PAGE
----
Science and the Spiritual Void

A few years ago, I was invited to give a live interview for a radio station in Brasília, the capital of Brazil. In an unusual twist, the interview took place at rush hour in the city’s very busy bus terminal, where poor rural workers ride in to work in town—cleaning the streets, working in factories, and in private homes. The interviewer and I were standing on an improvised stage, in front of the passersby.

The experience would mark me for the rest of my life and set a new professional goal not just as a science popularizer, but as a bridge-maker between the material world and our yearning for spirituality.

The interviewer asked me about the scientific take on the end of the world, inspired by a book I had the just published, 2003’s The Prophet and the Astronomer: Apocalyptic Science and the End of the World. There are many ways in which science can address this question; there’s no shortage of examples of natural disasters that show clearly, and often tragically, that the forces of Nature are beyond our control.

But the focus of my book was not on natural disasters per se, but on cataclysmic celestial events and how they have inspired both religious narratives and scientific research, past and present. This is a worldwide cultural phenomenon, present in narratives across the globe spanning thousands of years of recorded history. Both in the Bible’s Old (e.g., Book of Daniel, Sodom and Gomorrah) and New Testaments (e.g., Apocalypse of John, aka the Book of Revelation), there are many instances of stars and fire and brimstone falling from the sky. The Celts believed the skies would fall on their heads to mark the end of a time cycle. Likewise, the Hindus believed that the god Shiva controlled the fate of the cosmos, creating and destroying it in cycles that repeated throughout time.

Unusual celestial phenomena such as comets, eclipses, and meteorites have been associated as portents for thousands of years. Symbolically, they are how the gods communicate their discontent to the faithful below.

During that radio interview, I mentioned how the dramatic impact of a 6-mile-wide asteroid that hit the Yucatan peninsula of Mexico 65 million years ago had triggered the extinction of the dinosaurs. I explained how that event changed the history of life on Earth, freeing the small mammals of the time from predator pressure. Those little critters, after millions of years of evolution, became us. Mine was a very different narrative of our origins than that told in the Bible, the main reference for most of my impromptu bus-terminal audience.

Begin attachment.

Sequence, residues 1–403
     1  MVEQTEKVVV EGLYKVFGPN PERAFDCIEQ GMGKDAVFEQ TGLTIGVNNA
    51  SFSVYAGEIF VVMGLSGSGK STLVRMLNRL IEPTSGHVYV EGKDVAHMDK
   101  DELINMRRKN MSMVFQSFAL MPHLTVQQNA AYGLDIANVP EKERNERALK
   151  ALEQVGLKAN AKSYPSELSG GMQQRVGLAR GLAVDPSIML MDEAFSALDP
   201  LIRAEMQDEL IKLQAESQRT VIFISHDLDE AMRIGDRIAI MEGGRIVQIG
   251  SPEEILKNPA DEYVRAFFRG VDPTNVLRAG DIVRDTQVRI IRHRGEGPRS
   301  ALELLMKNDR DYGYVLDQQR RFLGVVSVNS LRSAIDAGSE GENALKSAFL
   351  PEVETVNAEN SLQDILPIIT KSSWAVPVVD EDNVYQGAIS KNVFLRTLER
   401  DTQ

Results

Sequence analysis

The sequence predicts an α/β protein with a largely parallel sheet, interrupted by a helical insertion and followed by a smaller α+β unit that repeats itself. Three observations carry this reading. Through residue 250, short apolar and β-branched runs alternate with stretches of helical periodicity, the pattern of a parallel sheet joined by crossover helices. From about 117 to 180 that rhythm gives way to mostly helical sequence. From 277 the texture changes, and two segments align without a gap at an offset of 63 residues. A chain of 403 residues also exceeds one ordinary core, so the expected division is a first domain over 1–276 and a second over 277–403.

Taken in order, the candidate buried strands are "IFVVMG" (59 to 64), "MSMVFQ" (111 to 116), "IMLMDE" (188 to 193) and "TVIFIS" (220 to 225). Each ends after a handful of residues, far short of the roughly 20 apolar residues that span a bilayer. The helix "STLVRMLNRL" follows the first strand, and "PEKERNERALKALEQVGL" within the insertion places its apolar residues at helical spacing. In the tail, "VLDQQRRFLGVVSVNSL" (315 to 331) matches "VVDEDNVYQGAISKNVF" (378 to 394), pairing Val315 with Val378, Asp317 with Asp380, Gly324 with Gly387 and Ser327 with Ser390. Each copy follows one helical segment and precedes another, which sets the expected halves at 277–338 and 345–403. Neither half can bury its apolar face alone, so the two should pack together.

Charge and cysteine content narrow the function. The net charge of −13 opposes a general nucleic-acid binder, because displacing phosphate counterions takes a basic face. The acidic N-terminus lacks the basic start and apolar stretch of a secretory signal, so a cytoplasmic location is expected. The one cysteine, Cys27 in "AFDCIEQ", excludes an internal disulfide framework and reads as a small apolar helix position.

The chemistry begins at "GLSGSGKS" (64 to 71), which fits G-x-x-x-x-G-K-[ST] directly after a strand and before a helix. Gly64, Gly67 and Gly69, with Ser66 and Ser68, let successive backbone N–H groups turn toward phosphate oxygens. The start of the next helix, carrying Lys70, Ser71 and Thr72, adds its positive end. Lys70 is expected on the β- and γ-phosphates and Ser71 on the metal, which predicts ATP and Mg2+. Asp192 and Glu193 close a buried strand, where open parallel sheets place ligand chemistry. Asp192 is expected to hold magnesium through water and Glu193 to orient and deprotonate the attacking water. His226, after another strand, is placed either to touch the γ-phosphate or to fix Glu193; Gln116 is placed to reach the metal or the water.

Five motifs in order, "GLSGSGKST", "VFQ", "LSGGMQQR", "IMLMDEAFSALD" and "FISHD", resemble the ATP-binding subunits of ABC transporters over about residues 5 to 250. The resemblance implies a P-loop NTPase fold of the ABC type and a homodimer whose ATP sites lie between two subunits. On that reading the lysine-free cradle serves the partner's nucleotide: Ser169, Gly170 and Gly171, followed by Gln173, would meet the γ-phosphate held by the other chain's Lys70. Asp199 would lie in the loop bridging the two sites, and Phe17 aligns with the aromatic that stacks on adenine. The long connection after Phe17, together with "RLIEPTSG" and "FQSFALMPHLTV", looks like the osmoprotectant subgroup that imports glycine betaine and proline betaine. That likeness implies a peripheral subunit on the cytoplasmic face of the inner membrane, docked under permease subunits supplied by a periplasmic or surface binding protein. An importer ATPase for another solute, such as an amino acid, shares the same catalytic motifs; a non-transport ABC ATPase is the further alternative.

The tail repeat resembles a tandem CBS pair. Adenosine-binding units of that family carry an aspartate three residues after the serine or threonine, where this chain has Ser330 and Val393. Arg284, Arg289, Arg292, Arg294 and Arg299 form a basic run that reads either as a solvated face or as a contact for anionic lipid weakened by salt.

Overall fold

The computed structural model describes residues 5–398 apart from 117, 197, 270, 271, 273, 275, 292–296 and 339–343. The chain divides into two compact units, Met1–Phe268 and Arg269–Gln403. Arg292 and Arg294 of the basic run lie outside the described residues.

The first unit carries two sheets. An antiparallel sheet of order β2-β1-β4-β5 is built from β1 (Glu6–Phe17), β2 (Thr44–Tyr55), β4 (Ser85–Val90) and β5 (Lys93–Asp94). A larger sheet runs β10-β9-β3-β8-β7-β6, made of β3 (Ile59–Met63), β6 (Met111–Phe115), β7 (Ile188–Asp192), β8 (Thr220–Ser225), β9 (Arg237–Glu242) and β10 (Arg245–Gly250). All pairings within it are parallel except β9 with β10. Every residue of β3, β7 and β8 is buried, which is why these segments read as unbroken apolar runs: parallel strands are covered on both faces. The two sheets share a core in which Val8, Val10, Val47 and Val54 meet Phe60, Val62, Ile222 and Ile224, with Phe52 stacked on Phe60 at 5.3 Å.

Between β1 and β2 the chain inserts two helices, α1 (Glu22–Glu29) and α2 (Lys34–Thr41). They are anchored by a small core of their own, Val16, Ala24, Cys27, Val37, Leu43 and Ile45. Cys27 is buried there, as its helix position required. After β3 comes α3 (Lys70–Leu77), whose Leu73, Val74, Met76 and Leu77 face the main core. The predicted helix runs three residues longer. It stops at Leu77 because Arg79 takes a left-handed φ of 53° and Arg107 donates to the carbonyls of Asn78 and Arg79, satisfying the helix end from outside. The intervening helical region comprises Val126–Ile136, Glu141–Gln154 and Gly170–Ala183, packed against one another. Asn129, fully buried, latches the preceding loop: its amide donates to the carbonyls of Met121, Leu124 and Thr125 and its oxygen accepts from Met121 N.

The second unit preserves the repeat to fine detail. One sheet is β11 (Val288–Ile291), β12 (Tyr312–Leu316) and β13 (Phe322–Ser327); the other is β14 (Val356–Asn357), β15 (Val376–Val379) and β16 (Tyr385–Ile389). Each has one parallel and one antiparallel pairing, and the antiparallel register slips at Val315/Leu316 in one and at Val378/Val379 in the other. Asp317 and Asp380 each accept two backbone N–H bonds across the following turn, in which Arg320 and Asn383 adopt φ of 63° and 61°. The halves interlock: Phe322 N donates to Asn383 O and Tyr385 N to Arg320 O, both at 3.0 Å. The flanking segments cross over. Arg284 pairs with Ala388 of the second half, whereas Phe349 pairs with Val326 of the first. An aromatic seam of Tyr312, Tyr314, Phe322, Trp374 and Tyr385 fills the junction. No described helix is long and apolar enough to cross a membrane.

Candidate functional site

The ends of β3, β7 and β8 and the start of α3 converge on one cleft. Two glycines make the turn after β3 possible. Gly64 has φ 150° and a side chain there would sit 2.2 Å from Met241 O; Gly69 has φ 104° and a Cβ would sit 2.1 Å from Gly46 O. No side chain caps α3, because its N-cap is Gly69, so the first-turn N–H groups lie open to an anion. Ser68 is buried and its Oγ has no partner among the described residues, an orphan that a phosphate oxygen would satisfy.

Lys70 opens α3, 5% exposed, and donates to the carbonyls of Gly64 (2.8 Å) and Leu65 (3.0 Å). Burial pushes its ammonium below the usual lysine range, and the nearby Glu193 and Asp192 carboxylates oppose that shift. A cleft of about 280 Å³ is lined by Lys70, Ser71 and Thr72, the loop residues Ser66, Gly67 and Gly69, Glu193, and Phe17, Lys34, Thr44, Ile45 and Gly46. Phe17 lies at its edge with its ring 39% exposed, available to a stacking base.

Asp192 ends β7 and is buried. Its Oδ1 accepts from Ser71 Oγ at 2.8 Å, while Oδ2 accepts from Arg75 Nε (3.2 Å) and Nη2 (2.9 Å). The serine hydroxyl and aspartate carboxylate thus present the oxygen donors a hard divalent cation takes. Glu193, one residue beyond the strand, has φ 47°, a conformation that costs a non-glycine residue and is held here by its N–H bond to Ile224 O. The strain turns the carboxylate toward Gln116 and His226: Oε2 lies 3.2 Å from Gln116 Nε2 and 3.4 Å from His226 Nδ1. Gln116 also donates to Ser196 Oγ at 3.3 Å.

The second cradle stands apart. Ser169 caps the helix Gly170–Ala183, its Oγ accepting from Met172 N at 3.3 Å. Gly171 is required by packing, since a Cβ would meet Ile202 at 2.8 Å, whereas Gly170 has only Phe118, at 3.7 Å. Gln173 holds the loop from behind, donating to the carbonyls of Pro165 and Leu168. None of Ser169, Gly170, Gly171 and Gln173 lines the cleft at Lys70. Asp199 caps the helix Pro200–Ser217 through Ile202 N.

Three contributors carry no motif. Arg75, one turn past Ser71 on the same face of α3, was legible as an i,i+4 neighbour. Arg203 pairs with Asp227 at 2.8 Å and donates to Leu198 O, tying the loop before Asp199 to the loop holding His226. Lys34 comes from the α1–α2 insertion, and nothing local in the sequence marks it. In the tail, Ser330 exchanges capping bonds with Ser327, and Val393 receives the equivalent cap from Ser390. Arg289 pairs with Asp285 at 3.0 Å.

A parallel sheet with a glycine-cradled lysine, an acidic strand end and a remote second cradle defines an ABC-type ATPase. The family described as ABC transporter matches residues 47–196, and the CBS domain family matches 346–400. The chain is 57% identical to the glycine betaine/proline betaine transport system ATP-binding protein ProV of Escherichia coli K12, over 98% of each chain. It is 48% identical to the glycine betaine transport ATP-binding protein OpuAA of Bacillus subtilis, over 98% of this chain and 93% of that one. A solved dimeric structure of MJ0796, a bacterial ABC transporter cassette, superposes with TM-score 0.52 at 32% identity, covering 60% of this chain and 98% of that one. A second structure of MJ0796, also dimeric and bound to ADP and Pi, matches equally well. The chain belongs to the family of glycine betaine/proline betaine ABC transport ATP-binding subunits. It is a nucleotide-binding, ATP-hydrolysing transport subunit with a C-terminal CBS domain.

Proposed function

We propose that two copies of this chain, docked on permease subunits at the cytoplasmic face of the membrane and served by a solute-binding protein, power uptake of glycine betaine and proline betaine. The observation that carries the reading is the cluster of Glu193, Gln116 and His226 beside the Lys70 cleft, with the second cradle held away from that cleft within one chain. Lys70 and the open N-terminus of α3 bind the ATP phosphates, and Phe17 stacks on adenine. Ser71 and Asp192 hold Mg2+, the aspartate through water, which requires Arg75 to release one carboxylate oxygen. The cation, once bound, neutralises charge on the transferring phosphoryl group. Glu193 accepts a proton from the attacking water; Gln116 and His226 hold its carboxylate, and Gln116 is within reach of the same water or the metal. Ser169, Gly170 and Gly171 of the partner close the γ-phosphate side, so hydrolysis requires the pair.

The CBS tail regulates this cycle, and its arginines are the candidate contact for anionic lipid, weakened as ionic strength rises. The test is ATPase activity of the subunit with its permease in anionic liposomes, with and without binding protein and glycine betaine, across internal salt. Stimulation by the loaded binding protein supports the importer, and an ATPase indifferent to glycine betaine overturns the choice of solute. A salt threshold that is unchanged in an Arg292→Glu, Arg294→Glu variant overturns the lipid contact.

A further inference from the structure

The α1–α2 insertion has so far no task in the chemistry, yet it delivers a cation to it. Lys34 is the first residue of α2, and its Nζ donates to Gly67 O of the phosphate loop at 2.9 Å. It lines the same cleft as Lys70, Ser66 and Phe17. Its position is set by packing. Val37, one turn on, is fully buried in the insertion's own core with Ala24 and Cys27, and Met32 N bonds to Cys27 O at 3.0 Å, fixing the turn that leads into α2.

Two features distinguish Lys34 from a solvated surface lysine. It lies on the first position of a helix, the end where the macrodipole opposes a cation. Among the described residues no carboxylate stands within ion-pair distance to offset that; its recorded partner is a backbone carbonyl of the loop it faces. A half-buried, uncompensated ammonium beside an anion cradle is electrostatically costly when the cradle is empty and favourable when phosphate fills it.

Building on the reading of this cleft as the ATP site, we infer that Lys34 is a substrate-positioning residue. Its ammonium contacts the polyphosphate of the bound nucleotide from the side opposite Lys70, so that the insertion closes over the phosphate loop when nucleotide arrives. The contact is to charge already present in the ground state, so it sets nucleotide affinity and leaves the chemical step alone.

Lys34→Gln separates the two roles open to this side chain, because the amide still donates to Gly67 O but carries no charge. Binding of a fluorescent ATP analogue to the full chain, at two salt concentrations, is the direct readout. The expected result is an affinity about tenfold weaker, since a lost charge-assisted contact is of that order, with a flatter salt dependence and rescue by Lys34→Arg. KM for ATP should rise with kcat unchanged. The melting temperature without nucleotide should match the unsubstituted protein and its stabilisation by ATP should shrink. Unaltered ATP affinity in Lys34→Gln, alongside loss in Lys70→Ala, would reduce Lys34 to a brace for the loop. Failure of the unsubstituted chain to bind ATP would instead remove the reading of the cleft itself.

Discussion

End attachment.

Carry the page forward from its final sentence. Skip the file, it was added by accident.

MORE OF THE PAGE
“Take God away from us?”

That’s when a man in the bus terminal, with shabby clothes and grease stains on his face, spoke up: “So, the doctor wants to take even God away from us?”

I froze. The despair in that man’s voice was apparent. He felt betrayed. His faith was the only thing he held on to, the only thing that gave him strength to come back to that bus station every day to work for a humiliatingly low minimum wage.

If I took his God away and put in his place the rational argumentation of science with its empirical validation methodology, how would that be meaningful to this man? How would it help him go on with his life? How could science teach him to cope with life in a world without the healing power of supernatural belief?

I realized then how far we scientists are from the needs of most people—how far removed our discourse is from those who do not already seek science for answers, as surely most of you reading this essay already do. And I realized that in order to reach a larger audience, to bring the wonders of science to a much larger slice of the population, we must start from the youngest age with an outstanding science education, filled with wonder and discovery. We have to complement the passion people direct to their faith with an appetite for wonder about the natural world and our place in it. We have to teach that science has a spiritual dimension—not in the sense of supernaturalism, but in how it connects us with something bigger and grander than we are.

I also realized how futile it was to stand up there and proudly proclaim how much scientists have discovered of the world and how much we can explain to someone whose faith is the main drive in life—to someone who asks, “Why should I believe what you are saying about the universe being 13.8 billion years old more than I believe that Jesus is God’s son?” Or to another who says, “How do I believe your truth?”

I saw the road open for me: an effort to make scientific education (formal and informal) not just informative but transformative.

I answered the man, in a shaky voice, that science doesn’t want to take God away from people, even if some scientists do. I said science tries to describe in the best possible way how the world works, unveiling the wonders of the universe big and small for all to share and appreciate. I went on to explain that scientific research is a very passionate enterprise, one that brings us closer to Nature, to the ongoing mysteries we face as we try to understand more and more of the universe.

The man smiled. He didn’t say anything, but I am sure he saw in the scientific drive for understanding the world the same passion that drove him toward his faith. In our own way, we understood that we were both captivated by a very similar sense of mystery.

I left the interview and went for a long walk around a large lake. And I thought of how Einstein believed the scientific enterprise was the only true religion, as we devote our lives to understand what we can of Nature . . . driven by a deep sense of awe and filled with humility.

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